Forum for Science, Industry and Business

Sponsored by:     3M 
Search our Site:

 

New anti-inflammatory strategy for cancer therapy identified

21.09.2004


A new strategy for cancer therapy, which converts the tumor-promoting effect of the immune system’s inflammatory response into a cancer-killing outcome, is suggested in research findings by investigators at the University of California, San Diego (UCSD) School of Medicine.



The findings provide new insight into the immune system’s response to inflammation, the connection between inflammation and malignancy, and how the delicate balance between cancer promotion and inhibition can be manipulated in the patient’s favor, according to the study’s senior author, Michael Karin, Ph.D., UCSD professor of pharmacology, American Cancer Society Research Professor, and a member of the Rebecca and John Moores UCSD Cancer Center.

The studies in mice with colon or breast cancer showed that cancer metastasis, the growth of malignant tumors beyond the original site, was halted with inhibition of either one of two naturally occurring substances, a pro-inflammatory protein called nuclear factor-kappa B (NF-kB) or an inflammatory mediator called tumor necrosis factor alpha (TNFá). The result, published in the September 20, 2004 issue of the journal Cancer Cell, was increased effectiveness of a cancer-killing protein called TNF-related apoptosis-inducing ligand (TRAIL), leading to a decrease in cancer cells and increase in the life span of tumor-bearing mice.


The study’s first author, Jun-Li Luo, M.D., Ph.D., a member of the Karin team in the UCSD Laboratory of Gene Regulation and Signal Transduction, explained that normally, inflammation associated with malignancy activates NF-kB, TNFá and TRAIL, all at the same time. However, NF-kB has the upper hand, and with TNFá, stimulates tumor growth faster than TRAIL can inhibit it. "Our results suggest that is it possible to use NF-kB or TNFá inhibitors to prevent inflammation-induced tumor growth, thus destroying their advantage, and allowing TRAIL to tip the balance in its favor," Luo said.

The study builds upon previous work in the Karin lab recently featured as the cover article in the August 6, 2004 issue of the journal Cell*. In that study, the researchers provided the first evidence of the molecular link between inflammation and cancer. They determined that an enzyme called I-kappa-B kinase beta (IKKâ) is required for the activation of NF-kB, which acts as a master switch to turn on inflammation in response to bacterial or viral infections. In turn, NF-kB sets off a chain of reactions that lead to cancer.

Mice used in the new study were given colon or breast tumor cells which metastasized to the lung. Some of these cancer cells served as "controls," while other cells were given a protein that specifically inhibited activation of NF-kB, only in cancer cells. The different cells were injected into mice and all were able to establish metastatic growth in the lung, regardless of their ability or inability to activate NF-kB. After a week, all mice were injected with bacterial lipopolysaccchide (LPS), which induced inflammation. A post-mortum inspection of the mice showed that following inflammation, the control cells formed more numerous and larger tumor nodules, while the tumors formed by cells in which NF-kB was inhibited, had shrunk or partially disappeared after the LPS injection. As a result, mice injected with cancer cells lacking NF-kB activity exhibited much better survival than mice inoculated with control cells.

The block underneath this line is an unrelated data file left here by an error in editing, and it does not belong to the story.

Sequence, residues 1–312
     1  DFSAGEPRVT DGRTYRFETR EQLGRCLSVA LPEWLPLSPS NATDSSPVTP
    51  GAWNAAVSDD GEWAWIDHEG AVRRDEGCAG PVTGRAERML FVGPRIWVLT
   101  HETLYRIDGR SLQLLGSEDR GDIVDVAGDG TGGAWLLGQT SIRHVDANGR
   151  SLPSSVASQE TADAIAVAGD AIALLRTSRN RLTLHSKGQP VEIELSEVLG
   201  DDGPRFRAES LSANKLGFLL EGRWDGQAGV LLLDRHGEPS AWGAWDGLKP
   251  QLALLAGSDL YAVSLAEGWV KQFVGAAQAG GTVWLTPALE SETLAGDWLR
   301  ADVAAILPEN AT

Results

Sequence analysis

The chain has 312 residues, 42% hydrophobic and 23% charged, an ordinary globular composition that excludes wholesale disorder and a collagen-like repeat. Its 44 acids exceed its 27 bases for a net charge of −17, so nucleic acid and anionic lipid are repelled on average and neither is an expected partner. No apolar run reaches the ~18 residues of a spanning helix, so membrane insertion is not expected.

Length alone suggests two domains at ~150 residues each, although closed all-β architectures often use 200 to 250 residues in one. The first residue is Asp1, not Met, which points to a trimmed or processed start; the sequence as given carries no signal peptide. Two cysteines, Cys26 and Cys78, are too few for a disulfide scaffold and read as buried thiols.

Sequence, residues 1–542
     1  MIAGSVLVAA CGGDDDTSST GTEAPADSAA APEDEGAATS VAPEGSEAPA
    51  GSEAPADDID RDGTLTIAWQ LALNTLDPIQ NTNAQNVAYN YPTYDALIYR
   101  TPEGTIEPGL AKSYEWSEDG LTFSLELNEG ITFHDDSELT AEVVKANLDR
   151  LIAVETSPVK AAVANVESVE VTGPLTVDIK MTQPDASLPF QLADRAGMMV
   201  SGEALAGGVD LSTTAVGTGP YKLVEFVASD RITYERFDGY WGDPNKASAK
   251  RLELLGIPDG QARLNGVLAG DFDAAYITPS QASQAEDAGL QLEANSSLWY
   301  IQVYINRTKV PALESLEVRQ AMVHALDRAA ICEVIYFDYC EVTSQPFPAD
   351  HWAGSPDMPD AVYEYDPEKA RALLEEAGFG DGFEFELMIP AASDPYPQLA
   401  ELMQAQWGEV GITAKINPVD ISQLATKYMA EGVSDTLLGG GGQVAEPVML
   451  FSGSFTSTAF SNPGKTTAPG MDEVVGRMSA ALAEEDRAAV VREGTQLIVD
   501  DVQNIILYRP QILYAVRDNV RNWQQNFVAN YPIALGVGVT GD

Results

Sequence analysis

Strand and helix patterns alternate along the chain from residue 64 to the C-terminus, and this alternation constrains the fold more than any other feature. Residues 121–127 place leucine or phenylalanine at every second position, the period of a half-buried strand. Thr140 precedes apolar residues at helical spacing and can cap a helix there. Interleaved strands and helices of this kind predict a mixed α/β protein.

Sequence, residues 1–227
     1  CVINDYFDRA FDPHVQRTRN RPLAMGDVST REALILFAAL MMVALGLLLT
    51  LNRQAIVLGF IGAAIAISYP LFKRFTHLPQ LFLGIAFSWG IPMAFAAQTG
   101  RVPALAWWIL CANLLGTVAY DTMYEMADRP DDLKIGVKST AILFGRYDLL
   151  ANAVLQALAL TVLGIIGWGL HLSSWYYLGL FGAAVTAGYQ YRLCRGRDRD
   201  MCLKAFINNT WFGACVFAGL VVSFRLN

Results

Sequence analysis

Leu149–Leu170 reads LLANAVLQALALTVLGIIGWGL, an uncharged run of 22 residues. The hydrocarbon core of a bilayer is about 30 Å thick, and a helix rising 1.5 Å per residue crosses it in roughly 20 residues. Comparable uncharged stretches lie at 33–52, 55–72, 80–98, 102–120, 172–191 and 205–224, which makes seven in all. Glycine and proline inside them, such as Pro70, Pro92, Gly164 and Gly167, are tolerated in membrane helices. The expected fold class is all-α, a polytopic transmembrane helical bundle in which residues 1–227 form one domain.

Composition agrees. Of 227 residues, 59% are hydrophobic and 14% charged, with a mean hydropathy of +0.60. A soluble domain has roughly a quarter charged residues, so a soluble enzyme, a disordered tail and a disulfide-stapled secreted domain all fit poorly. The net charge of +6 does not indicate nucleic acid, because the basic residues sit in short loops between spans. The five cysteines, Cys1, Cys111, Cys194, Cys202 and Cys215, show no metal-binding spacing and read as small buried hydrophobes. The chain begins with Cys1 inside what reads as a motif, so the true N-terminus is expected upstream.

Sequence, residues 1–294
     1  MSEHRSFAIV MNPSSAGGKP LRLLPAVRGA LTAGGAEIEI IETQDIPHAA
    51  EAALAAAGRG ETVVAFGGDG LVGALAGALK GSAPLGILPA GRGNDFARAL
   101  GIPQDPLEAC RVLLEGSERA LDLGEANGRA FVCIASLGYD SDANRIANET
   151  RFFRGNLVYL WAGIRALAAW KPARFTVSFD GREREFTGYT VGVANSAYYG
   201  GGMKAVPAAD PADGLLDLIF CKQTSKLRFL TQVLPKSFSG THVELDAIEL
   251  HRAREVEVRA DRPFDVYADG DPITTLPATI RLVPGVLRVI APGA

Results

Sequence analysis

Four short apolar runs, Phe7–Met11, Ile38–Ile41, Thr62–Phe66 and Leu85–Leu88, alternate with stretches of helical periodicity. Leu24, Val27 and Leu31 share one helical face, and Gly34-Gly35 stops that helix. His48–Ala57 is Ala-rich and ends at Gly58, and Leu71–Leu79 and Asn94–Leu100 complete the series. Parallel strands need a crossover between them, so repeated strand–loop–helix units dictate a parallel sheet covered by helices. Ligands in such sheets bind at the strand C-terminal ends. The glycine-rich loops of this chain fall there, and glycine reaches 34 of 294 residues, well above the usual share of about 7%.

In further tests to determine how NF-kB activation mediates inflammation-induced tumor growth, the team studied mouse lung tissue as well as tumor nodules for expression of specific proteins known to modulate the body’s normal cell-killing process. Death-inhibiting proteins were abundant in tumors formed by cancer cells with normal NF-kB, but were absent in the tumors formed by cancer cells where NF-kB was inhibited.

While NF-kB is known to convert inflammatory stimuli into tumor growth signals, it is also known to activate TNFá, a major proinflammatory protein initially thought to play a role in the death of cancer cells. Investigators first reasoned that TNFá might be responsible for the death of cancer cells in which NF-kB was inhibited, seen in this study, since previous experiments have shown that high doses of TNFá can kill tumor cells when NF-kB activity is inhibited.

However, further experiments proved otherwise. When inflammation-inducing LPS was administered to tumor-bearing mice with normal NF-kB, the result was a rapid and robust induction of circulating TNFá and eventual acceleration of cancer growth. However, administration of an anti-TNFá antibody five minutes after LPS challenge neutralized most of the circulating TNFá, inhibited NF-kB activation in cancer cells, and prevented the inflammation-induced acceleration of tumor growth.